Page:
Mix up your training and racing by leaving the asphalt behind. Off-road triathlons are fun, dirty and anything but predictable. These training articles will help you prepare to tear up the trail.
Look out for rocks, roots, ruts and possibly a puddle of muck on the trail. Swap skinny tires for fat, designated lap lanes for a frigid pond, and asphalt for a forested trail, and you've got an off-road triathlon.
Unlike their asphalt cousins, no two off-road triathlons are alike. These training strategies will have you prepared for when the going gets tough.
Traditional road triathletes are often in for a shock when confronted with the ups and downs of an off-road bike leg. These tips will take you from the swim to the run in one piece.
Triathletes are always looking for new challenges, and many are being drawn to mountain biking and XTERRA to complement their other tri-related activities.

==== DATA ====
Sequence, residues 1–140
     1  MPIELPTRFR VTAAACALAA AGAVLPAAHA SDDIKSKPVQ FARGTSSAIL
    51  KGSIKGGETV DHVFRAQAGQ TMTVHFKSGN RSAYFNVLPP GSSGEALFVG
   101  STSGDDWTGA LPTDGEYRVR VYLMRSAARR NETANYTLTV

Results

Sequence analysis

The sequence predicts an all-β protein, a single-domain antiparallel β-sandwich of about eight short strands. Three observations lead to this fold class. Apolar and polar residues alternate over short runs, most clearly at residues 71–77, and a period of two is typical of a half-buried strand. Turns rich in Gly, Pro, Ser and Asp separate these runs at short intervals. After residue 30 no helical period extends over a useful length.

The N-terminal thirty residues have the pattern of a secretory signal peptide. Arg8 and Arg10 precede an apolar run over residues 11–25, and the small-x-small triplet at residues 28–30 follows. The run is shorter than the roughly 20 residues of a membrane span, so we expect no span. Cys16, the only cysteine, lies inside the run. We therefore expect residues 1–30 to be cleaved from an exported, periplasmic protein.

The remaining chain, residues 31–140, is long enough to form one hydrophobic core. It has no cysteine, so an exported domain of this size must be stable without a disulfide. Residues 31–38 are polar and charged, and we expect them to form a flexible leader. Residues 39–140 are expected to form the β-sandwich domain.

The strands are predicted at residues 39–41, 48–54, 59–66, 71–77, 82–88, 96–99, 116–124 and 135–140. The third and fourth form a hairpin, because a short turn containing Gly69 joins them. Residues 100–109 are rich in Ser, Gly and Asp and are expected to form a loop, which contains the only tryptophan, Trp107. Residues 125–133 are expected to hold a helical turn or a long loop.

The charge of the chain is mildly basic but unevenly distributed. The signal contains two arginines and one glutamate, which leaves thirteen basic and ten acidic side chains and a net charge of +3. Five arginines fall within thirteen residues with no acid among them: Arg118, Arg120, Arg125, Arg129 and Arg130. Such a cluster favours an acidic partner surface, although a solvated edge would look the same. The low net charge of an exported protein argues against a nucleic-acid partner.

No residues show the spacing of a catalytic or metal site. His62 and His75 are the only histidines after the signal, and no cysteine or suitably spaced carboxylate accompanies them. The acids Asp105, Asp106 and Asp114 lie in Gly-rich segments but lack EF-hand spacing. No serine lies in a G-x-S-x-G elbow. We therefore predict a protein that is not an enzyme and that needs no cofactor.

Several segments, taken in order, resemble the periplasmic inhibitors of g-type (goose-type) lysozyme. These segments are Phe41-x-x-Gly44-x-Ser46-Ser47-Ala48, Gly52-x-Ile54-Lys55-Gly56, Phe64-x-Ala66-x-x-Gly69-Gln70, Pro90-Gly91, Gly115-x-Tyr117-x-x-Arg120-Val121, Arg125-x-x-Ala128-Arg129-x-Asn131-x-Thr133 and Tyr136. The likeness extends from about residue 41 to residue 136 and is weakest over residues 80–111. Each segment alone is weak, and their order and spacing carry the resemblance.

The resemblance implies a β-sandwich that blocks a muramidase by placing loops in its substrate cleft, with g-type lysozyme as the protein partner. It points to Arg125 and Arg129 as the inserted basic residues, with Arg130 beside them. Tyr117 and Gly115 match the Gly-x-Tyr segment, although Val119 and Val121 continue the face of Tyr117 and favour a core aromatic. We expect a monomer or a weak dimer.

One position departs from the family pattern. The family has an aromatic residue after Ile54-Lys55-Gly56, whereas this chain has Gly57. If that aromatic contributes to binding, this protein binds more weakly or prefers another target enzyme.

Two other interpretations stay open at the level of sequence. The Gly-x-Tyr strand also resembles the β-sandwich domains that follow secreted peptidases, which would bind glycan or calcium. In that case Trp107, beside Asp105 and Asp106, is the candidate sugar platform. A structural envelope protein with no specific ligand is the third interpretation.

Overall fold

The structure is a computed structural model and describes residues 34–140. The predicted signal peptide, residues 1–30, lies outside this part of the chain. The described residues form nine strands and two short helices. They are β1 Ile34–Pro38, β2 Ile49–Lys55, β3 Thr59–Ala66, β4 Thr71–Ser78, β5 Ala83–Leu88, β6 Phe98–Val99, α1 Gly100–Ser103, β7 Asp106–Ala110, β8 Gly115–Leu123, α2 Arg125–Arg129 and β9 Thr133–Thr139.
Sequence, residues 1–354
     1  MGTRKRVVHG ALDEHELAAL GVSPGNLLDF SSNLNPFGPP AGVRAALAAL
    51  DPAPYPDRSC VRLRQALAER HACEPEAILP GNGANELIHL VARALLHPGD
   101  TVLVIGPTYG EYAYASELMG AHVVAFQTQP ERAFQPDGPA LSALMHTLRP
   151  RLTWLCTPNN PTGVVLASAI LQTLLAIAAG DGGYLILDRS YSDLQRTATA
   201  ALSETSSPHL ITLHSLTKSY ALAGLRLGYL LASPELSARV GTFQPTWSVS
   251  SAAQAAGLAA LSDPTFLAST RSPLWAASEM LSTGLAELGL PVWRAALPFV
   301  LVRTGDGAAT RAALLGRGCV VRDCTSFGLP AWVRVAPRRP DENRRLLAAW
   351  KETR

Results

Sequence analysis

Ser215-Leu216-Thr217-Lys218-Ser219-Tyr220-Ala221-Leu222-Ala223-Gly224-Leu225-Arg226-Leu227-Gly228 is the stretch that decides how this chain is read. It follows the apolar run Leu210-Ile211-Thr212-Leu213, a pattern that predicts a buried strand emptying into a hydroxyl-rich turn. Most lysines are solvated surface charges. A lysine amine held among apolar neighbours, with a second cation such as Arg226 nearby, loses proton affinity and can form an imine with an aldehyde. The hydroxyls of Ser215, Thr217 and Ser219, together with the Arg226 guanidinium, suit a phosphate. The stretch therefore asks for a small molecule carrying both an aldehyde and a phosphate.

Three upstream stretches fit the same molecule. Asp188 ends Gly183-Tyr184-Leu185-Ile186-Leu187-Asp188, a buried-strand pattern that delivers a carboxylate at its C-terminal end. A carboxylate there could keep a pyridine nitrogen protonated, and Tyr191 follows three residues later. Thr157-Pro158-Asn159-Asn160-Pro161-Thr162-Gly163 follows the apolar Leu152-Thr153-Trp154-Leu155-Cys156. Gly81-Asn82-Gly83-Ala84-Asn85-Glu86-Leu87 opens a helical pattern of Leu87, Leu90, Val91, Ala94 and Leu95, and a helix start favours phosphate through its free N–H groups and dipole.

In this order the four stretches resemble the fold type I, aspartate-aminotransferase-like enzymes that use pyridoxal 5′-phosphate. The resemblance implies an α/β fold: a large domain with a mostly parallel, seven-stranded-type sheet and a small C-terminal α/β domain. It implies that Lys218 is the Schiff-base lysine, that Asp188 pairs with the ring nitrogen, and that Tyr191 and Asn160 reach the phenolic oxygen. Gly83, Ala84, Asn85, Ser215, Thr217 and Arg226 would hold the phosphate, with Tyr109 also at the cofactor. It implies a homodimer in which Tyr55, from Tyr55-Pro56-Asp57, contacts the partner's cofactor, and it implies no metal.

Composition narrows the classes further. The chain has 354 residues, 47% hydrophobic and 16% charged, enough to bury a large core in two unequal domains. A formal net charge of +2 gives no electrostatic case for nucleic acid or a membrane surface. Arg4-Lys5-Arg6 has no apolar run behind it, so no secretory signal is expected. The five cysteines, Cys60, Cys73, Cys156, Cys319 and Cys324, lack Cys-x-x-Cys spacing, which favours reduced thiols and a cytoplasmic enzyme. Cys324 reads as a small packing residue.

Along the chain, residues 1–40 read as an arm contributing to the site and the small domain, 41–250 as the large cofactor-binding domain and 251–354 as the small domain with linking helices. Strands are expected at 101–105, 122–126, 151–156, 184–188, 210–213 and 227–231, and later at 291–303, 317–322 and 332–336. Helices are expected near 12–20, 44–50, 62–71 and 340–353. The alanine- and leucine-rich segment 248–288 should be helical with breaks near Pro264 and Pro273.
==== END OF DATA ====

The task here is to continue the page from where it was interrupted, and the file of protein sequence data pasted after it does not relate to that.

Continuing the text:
The biggest challenge for newbies to the off-road triathlon scene is by far the bike leg. Take a look at some drills and skills to help keep the rubber side down.
Multi-sport racing means multi-sport training. So how can you complete these workouts while seriously training for an endurance event of a single discipline?
Some athletes hit a downhill and either waste energy putting on the brakes or become a mess of flailing arms and legs. Put gravity to work for you with these tips.
Taking triathlon from the road to the trails requires more than an altered cycling technique; it demands an altered state of mind. Cycling and triathlon legend John Howard ponders the crossover involved.
USAT Sets Qualifiers for 2011 ITU Cross Triathlon World Championships
Off-road triathletes can race at four events across the country to qualify for Team USA and compete at the 2011 ITU Cross Triathlon World Championships.